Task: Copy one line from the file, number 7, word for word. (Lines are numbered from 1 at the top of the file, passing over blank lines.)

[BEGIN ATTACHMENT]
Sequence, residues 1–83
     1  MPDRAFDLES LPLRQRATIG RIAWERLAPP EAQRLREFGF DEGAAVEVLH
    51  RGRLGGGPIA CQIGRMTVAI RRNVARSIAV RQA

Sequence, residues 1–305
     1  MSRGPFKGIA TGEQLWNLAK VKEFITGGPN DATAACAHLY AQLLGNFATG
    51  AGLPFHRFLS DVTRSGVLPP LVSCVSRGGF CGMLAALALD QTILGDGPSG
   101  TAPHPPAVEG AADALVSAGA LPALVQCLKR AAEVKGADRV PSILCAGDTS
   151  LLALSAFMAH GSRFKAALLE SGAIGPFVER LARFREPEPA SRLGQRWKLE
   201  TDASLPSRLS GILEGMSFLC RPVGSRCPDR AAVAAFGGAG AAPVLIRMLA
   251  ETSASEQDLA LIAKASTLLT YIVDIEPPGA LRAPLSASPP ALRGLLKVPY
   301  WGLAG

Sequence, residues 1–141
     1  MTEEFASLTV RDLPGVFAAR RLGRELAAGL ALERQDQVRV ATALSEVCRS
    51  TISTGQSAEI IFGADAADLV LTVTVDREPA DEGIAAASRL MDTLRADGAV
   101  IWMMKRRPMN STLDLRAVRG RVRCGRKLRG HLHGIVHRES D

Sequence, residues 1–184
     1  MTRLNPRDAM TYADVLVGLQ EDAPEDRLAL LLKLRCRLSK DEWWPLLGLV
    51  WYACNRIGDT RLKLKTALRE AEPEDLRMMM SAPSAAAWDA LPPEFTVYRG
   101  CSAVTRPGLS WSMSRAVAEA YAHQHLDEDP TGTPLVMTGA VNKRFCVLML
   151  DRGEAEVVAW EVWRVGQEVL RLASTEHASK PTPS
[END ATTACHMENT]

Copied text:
   101  TAPHPPAVEG AADALVSAGA LPALVQCLKR AAEVKGADRV PSILCAGDTS